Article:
In her recent essay “The New Dignity: Gnostic, Elitist, Self-Destructive Will-to-Power”, Roberta Green Ahmanson highlighted “a rapid and radical transformation in our culture’s understanding of what it means to be human, and, in particular, what it means to have dignity”. This transformation can also be highlighted by looking in particular at what it means to have rights.
To do this we first need to recognise the difference between natural and legal rights.
Given that the human person is endowed with certain properties and potentials, there are certain things it would be wrong to prevent a person from doing. As a human person, John exists as the kind of thing which has a natural potential to drink water. This means the word “right” is slightly misleading: it is not that it is right to allow John to drink water, but that it is wrong not to allow him to. He needs nobody’s permission to drink, as his body itself gives him that potential.
What he might need, though, is protection from people wishing to prevent him from drinking. This protection can be provided only by the State, meaning human rights are legal protections of natural rights. Natural rights are therefore superior to human rights, and the State’s proper posture towards rights is to protect in law that which exists in our nature.
Now suppose one day John walks down the street and spies a parked Ferrari with doors unlocked and keys in the ignition. He drives off but is soon stopped by the police. When it is suggested to John that the Ferrari belongs to somebody else, he protests “No, no, this is not a car. This is water, and I have a right to access water. I know my rights!”
What should we make of John’s claim?
Leaving aside the small matter of theft, the point is that John has the right to access water only with respect to the nature of that thing which we signify through the word “water”. He cannot under the aegis of that word demand access to things which are not that thing. It can also be noted that we can be aware of human existence without being aware of the existence of rights, whereas we cannot be aware of rights without first being aware of human existence.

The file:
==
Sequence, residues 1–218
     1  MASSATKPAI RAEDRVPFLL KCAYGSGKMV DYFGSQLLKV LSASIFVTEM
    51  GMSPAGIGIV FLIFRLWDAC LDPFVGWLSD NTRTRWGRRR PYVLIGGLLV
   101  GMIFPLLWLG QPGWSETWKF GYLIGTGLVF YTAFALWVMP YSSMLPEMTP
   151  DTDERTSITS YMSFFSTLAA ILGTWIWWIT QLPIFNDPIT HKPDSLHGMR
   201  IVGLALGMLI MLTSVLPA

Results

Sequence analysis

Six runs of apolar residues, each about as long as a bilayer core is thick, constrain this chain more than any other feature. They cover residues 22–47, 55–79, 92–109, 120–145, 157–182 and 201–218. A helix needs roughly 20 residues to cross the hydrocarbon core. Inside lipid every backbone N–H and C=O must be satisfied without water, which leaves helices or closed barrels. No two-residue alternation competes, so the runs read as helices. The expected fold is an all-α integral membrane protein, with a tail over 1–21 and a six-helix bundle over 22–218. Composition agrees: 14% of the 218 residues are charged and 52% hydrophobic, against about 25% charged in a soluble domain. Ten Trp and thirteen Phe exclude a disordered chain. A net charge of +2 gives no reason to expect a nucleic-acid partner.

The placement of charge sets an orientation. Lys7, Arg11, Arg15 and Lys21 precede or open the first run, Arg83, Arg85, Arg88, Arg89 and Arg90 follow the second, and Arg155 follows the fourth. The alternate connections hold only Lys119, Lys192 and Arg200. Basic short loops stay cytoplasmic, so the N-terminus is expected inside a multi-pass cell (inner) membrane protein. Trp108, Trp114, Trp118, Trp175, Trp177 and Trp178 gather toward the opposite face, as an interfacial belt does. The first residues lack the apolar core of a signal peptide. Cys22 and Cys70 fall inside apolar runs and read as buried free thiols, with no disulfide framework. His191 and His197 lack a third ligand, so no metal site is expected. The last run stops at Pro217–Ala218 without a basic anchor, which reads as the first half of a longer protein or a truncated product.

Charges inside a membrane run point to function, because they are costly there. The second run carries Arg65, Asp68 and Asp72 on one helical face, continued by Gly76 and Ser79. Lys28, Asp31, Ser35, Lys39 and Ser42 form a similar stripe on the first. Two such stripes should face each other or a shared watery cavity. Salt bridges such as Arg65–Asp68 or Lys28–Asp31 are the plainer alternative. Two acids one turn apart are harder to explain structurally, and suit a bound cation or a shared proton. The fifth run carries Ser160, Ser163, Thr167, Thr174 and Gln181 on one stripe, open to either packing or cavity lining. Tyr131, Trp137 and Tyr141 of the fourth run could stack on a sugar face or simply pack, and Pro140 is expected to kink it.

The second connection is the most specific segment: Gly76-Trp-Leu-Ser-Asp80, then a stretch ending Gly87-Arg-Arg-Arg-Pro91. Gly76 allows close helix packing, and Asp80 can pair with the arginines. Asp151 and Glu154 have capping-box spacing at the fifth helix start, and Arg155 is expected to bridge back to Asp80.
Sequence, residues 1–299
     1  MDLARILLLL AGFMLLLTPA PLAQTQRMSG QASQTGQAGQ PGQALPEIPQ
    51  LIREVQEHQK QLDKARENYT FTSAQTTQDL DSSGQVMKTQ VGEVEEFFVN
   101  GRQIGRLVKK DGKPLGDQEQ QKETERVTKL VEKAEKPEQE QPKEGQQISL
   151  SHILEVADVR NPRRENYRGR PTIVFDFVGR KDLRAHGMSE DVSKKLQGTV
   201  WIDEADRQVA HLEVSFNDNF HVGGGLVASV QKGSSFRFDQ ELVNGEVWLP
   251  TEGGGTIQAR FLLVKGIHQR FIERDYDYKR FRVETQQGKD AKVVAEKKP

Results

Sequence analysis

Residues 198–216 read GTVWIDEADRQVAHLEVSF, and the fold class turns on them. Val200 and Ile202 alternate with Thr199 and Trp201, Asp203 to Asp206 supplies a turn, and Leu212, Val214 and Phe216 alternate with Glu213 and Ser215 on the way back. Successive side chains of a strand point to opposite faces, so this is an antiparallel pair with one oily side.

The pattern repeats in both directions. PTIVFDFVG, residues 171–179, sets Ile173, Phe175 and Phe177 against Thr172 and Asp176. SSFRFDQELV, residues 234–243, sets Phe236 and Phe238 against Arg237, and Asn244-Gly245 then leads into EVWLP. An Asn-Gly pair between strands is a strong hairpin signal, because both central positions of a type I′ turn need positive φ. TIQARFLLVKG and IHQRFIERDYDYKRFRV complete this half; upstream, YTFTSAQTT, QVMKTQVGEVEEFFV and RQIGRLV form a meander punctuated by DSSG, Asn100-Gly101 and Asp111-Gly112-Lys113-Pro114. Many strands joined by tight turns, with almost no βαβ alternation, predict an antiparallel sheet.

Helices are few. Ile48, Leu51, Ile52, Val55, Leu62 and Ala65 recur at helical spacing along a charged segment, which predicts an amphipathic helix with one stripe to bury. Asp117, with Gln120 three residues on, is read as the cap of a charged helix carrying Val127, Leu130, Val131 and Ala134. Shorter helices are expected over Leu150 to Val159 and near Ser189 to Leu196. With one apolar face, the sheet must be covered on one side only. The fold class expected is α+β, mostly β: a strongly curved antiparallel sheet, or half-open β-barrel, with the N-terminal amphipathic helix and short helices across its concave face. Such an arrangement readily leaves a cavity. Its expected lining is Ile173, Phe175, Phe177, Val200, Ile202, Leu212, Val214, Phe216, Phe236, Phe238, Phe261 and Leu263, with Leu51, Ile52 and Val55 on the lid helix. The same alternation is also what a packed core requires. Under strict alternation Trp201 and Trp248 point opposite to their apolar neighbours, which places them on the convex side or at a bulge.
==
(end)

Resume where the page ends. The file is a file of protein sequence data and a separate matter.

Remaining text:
Despite being inseparable from his rights, we can say John-as-human is in some way prior to John-as-bearer-of-rights. As such, it is not quite true to say that stealing a Ferrari is the kind of thing John has no right to do. We should instead say that in being human John is the kind of thing which has no right to steal a Ferrari.
Rights and marriage
Likewise, John and Joan have the right to marry and to found a family: in relation to each other they have the natural potential to do those things which we signify through the words “marriage” and “family”. In being two women, Joan and Jane have the kind of relationship which has no right to do those things – their relationship has no natural potential to do them, meaning there is no potential for the State to protect. Were the State to contrive such a potential, the right could exist only in the form of a legal permission (which the State would then protect).